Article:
The Independent reports
As early as 1898, the chief inspector of factories in the UK reported that asbestos had "easily demonstrated" health risks. In Barking itself, alarm bells sounded in 1929 when the medical officer of health wrote in his annual report: "Many people in Barking are suffering from diseases of the lungs due to the inhalation of asbestos dust." By 1945, the medical officer wrote that asbestos was a "deadly and dangerous commodity" that should probably be banned.
Asbestos dust was being inhaled into the lungs where it could lie unnoticed before causing crippling illnesses such lung cancer, asbestosis and mesothelioma which one medical professor has described as "perhaps the most terrible cancer known, in which the decline is the most cruel". Exposure to asbestos is now the biggest killer in the British workforce, killing about 4,000 people every year – more than who die in traffic accidents.The World Health Organisation says asbestos currently kills at least 90,000 workers every year. One report estimated the asbestos cancer epidemic could claim anywhere between five and 10 million lives before it is banned worldwide and exposure ceases.Scars, known as pleural plaques, can be a warning that victims may develop one of the fatal cancers that inhaling the lethal fibres can result in.For 21 years, sufferers of pleural plaques were compensated by their employers for the scars caused by exposure to the deadly fibres, but in 2007 this was overturned by a Law Lords ruling. Politicians and medical experts accuse the Government of pandering to the insurance lobby and claim they are now ignoring crucial new medical evidence which reveals the physical and mental toll of pleural plaques.Those with pleural plaques are 1,000 times more likely to suffer from an asbestos-related cancer than the rest of the population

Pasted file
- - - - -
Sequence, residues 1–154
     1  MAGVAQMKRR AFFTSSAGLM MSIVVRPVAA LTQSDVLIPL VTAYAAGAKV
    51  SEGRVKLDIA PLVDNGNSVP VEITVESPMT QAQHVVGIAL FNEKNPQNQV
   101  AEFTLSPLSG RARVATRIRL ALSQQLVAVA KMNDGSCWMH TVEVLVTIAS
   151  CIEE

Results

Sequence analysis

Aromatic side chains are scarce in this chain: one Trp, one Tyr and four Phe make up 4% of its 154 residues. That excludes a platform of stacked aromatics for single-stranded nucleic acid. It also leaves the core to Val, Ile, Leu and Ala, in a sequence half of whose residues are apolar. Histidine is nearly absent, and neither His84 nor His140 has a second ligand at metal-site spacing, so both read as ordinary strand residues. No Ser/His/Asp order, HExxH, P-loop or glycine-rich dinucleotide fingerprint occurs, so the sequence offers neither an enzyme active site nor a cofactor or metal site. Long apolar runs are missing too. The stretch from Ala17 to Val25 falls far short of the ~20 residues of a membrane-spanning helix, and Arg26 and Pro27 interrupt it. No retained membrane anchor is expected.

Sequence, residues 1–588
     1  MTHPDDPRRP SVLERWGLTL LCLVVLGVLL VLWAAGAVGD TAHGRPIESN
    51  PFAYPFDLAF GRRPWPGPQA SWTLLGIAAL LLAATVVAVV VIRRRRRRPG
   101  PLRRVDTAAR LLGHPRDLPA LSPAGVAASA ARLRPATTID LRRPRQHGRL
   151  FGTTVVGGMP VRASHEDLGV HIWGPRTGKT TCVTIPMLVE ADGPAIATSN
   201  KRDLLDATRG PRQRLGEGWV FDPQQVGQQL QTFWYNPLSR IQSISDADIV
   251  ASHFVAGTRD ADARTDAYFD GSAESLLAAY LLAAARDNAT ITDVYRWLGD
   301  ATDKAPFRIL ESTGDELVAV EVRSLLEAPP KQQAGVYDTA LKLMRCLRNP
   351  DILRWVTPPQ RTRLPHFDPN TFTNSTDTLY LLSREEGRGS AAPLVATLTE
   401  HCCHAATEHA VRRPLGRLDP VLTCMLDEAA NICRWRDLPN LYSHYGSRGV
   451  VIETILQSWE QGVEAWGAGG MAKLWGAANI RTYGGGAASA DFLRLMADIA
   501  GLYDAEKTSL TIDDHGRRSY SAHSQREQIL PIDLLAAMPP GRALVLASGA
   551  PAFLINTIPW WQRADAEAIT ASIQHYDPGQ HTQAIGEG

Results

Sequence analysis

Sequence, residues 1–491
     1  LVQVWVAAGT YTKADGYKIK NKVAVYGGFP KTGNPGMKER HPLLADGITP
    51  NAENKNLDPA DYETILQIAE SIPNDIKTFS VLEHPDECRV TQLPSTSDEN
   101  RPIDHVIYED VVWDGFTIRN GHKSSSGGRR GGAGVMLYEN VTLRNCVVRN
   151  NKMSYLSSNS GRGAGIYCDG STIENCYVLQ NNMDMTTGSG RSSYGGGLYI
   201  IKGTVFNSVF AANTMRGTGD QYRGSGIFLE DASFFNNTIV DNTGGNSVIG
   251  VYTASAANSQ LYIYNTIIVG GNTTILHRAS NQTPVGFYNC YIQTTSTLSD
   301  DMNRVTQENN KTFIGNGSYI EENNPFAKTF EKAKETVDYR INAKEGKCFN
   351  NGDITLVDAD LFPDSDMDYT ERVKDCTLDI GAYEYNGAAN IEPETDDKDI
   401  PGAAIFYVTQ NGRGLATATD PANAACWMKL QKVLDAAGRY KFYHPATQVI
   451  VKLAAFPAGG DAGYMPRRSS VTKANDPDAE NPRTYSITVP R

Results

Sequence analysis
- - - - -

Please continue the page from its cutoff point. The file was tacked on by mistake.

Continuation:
Jon Cruddas, MP for Dagenham, said the lack of compensation for pleural plaques sufferers was scandalous. "If that amount of death occurred in any other profession it would be a national scandal," he said. "It's a working-class disease and it doesn't get the attention it should do: it's a life sentence. You've got to think about the corporate interests of insurance companies and compare that with a lagger. There's no equivalent in the power game here."
Cape Asbestos factory in Barking, east London, insisted asbestos was harmless even after the factory closed. Richard Gaze, former chief scientist for Cape Asbestos, defended its record throughout the 1970s until he died of mesothelioma himself, aged 65, in 1982.Geoffrey Tweedale, an asbestos industry expert, said: "No one knows the death toll, but it's possibly in the thousands. Cape never had to release their records." Workers were told that drinking half a pint of milk would prevent illness and were left to toil in the thick dust with no masks. Dust from the building spewed on to the streets from giant fans, leaving cotton wool-like wisps to settle on the streets. The streets "looked like Christmas", residents recall. Children in Northbury School, which was adjacent to the factory, used to gather up this "snow" and throw it at each other. Peter Williams of Field Fisher Waterhouse, solicitors specialising in asbestos disease, said, "I think Cape would have known that asbestos was highly dangerous. From the people we've spoken to that worked in the factory and lived in the surrounding area, no precautions were taken and no one from Cape ever mentioned it was dangerous."
MPs and others will meet government lawyers to press for the controversial 2007 Lords decision on plaques to be challenged. Andrew Dismore MP, who is attempting for a second time to get a bill through the House of Lords which would challenge the decision, said: "It's a manifest injustice. The law treats psychological injury differently from physical injury. The insurers are obviously trying to minimise their loss and the Government also has a potential liability for some of these cases."